Waqas Haider

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Waqas Haider last won the day on February 10

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About Waqas Haider

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    UET Lahore
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    Kashif Aslam and Associates

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  1. Assalam o alaikum, I am having a building with a semi circle shape. None of the footing is either parallel to global X-axis nor to the global Y-axis. The plan of footings is attached. The problem I am facing is, ETABS reports joint reactions along global X-axis and global Y-axis instead of along the local axes of column. Since my columns are at a degree to global axis, the joint reactions also becomes at a degree from column and footing. Since to use simple combined stress formula of stress = P/A + Mx*Y/Ix + My*X/Iy I need forces along axis of footing. Or i will have to resolve either moment of inertia of footing along direction of forces or vice versa, which is quite tough and time taking. The other option I can go for is to design footing in SAFE. But again here, there i dont find any option to rotate footing at a certain degree to match orientation of columns. If i rotate local axis of footing, It only rotates its local axes and meshing but not the footing physically itself. The orientation of footing remains same. How can i solve this problem? Either having reactions in etabs along local axes of columns can solve my issue so that i can design it manually or rotating footing in safe to match local axes of columns can solve my issue. So can any one guide me how to do either option? Thanks.
  2. Better u provide model and screen shots of ur plan showing meshing to give clear picture.
  3. Brick masonry can not be designed in these software because brick masonry is neither the frame elements which can be modelled in these software nor are the simple isotropic type materials which can be modelled easily like area elements. You will have to do design for brick masonry manually. But you can take help from these software to read results of different type of analysis u need while doing manual design. There might be other softwares which can do this perhaps. But regarding these two softwares, i hold this opinion.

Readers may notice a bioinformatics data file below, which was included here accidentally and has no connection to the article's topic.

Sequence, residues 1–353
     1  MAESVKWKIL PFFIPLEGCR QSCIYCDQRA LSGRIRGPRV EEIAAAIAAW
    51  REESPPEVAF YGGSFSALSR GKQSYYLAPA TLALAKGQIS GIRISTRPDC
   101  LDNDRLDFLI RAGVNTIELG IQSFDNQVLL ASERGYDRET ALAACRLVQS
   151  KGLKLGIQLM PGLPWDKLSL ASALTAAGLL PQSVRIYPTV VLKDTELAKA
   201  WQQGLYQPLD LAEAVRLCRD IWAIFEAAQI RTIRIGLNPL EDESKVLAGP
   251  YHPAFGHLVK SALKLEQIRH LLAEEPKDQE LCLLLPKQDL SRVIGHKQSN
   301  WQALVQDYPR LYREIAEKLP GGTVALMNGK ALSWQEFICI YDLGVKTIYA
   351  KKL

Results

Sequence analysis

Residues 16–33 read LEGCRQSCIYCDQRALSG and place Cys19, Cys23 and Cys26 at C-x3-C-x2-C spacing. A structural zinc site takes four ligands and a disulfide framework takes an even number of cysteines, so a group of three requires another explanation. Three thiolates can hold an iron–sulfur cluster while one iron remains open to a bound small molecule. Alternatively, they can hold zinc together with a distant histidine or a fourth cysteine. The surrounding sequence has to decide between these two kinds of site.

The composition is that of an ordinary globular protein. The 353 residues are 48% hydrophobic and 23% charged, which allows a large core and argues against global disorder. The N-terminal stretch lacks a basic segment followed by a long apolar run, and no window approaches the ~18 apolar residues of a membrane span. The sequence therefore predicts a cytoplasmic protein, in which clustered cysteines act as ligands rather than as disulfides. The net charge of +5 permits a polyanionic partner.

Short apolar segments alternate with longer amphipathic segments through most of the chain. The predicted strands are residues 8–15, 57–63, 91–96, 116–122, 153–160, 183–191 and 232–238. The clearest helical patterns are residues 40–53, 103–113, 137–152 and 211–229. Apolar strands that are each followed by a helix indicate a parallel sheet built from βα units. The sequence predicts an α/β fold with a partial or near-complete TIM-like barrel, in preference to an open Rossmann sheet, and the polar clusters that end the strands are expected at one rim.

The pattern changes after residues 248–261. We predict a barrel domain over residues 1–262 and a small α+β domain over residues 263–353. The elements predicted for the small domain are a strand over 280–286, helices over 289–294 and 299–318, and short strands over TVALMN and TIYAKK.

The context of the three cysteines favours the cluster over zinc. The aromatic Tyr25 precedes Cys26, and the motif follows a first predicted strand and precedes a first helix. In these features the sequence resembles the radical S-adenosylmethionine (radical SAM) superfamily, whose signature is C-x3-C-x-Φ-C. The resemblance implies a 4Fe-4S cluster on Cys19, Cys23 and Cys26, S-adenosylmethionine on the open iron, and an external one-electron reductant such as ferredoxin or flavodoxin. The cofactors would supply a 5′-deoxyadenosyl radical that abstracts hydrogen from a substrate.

4. Only exterior walls need to be of RCC. For construction purpose, U can consult the following manual. and MUST follow its practices. But remember, it is not the design manual. So you need to have a good design of your house including footings, RCC walls, band beams, and corner columns etc.
  5. The simplest answer would be both thins are possible with equal safety.It is only you who is to decide whether you need basement for extra space or not? because ultimately it is going to affect your cost of construction. Kindly tell in which city/area this house is going to be constructed. Also tell what type of terrain/ site grading is there. Some times providing basement may reduce your cost of backfill. So tell something about soil and site grading. Is it flat, slopy, hilly or what?
  6. Hello Naqash, 1st of all welcome to this forum. And also try to spread this forum in your area/circle as much as possible, so that maximum people can take benefit of it. Naqash if you remember, in manual design of roof slab or footing slab, we use to consider a unit strip and design this unit strip for output results. Then we provide the steel and section calculated for this unit strip, to whole of footing or slab. Similarly, in Safe foundation, you are to define and assign design strip of unit width to let software show you output i.e. forces and steel etc for this unit design strip. you can also go for any width of design strip. Results will be accordingly but design will be same. Mostly a unit strip i.e. for MKS system 1 meter strip and for FPS 1 ft strip is defined and assigned. After running the model, you have two options to check your results of forces and reinforcement. 1) Based on Finite Elements In this method reinforcement and forces for each and every element, in which structure has been divided / meshed, will be reported. This is a bit different than our usual manual practice of designing. 2) Based on Design strips In this method reinforcement and forces are reported on strip based. This is quite easy to understand. You can check both methods for better idea. Another important thing is that we define 2 design strips "Strip A" and "Strip B" to read results in X and Y axis or in Shorter and Longer directions respectively. If you provide strip A in both X and Y directions, Then you will not be able to read results in X and Y axis, separately. display of results will be mixed. For this purpose we provide 2 different strips.